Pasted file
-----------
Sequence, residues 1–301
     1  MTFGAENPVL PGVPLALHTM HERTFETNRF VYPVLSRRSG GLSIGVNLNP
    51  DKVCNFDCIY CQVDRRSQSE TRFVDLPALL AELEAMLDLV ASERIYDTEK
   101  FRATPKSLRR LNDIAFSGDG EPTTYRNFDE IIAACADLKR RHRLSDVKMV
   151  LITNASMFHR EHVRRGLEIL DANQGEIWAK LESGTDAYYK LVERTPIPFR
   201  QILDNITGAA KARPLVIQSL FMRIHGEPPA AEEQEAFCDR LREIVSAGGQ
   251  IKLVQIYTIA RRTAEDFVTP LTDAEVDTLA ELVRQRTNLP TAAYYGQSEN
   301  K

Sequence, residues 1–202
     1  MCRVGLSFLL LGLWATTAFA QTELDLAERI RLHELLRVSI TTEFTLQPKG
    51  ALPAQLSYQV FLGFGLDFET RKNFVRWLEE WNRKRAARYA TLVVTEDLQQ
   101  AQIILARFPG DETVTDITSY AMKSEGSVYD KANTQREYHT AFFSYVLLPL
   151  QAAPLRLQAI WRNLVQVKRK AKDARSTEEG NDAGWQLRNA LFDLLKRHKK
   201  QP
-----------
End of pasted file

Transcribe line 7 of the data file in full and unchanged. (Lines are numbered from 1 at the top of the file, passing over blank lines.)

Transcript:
   251  IKLVQIYTIA RRTAEDFVTP LTDAEVDTLA ELVRQRTNLP TAAYYGQSEN